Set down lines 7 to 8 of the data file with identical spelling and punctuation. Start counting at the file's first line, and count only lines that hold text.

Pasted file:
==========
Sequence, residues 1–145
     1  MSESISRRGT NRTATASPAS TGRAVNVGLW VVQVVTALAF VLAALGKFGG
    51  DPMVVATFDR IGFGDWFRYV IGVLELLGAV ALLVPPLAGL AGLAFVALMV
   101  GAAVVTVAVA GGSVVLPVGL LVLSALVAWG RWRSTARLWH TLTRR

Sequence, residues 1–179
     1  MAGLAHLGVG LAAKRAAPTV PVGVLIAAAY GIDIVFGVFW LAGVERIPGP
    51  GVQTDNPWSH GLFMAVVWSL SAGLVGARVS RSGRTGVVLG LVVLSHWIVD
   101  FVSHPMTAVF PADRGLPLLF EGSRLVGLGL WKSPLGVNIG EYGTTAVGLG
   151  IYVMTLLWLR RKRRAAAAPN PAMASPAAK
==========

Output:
    51  GVQTDNPWSH GLFMAVVWSL SAGLVGARVS RSGRTGVVLG LVVLSHWIVD
   101  FVSHPMTAVF PADRGLPLLF EGSRLVGLGL WKSPLGVNIG EYGTTAVGLG